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Watson's Biblical & Theological Dictionary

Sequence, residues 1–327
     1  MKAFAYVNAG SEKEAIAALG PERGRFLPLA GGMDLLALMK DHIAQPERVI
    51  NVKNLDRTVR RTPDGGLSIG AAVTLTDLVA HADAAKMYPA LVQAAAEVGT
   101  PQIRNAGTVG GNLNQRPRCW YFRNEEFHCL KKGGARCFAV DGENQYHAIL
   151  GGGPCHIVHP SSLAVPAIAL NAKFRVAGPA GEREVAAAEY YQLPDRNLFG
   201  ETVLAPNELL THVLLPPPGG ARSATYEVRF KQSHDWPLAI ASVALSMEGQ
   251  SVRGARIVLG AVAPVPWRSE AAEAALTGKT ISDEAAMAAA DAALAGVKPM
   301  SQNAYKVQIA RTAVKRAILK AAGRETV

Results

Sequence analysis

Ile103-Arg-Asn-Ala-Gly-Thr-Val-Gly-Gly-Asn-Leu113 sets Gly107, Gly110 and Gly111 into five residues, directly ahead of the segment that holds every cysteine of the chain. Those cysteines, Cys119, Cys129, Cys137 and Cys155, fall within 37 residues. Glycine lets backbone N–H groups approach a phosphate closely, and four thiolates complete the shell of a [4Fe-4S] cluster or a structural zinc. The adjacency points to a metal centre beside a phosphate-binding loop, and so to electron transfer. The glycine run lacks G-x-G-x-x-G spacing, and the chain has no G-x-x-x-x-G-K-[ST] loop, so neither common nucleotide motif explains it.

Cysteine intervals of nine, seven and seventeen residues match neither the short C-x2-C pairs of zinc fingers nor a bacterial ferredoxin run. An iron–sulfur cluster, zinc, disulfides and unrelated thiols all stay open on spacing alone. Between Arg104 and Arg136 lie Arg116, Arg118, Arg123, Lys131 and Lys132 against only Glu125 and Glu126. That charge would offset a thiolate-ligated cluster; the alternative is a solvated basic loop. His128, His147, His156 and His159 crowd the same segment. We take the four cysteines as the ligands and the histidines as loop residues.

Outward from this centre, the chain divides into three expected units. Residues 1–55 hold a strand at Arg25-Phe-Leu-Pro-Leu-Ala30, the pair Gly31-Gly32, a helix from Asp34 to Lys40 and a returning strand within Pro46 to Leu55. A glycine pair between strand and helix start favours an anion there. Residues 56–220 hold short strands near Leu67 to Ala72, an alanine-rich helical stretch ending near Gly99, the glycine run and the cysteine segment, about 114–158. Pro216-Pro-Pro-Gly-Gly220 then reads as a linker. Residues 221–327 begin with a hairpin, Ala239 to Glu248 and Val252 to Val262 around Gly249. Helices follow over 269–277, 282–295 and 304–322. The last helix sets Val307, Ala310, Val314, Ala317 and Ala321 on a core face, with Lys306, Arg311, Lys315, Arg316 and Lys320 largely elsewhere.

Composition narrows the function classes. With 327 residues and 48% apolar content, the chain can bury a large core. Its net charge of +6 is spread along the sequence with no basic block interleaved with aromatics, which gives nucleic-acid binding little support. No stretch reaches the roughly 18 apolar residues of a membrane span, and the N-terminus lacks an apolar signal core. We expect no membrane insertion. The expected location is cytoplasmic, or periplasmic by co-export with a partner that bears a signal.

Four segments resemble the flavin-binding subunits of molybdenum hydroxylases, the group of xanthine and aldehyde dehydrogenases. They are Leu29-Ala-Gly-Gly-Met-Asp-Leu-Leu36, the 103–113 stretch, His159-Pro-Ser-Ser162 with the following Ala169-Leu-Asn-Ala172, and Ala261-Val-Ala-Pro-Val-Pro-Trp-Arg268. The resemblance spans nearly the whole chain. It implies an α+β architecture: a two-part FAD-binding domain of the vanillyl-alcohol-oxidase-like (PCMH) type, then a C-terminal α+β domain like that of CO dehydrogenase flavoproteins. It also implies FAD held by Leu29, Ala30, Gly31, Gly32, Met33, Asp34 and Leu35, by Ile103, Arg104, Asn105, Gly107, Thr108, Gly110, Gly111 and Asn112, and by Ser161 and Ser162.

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a little city in the tribe of Zebulun, in Lower Galilee, to the west of Tabor, and to the east of Ptolemais. This city is much celebrated in the Scriptures for having been the usual place of the residence of Jesus Christ, during the first thirty years of his life, Luke 2:51 . It was here he lived in obedience to Joseph and Mary, and hence he took the name of Nazarene. After he had begun to execute his mission he preached here sometimes in the synagogue, Luke 4:16 . But because his countrymen had no faith in him, and were offended at the meanness of his original, he did not many miracles here, Matthew 13:54; Matthew 13:58 , nor would he dwell in the city. So he fixed his habitation at Capernaum for the latter part of his life, Matthew 4:13 . The city of Nazareth was situated upon an eminence, and on one side was a precipice, from whence the Nazarenes designed, at one time, to cast Christ down headlong, because he upbraided them for their incredulity, Luke 4:29 .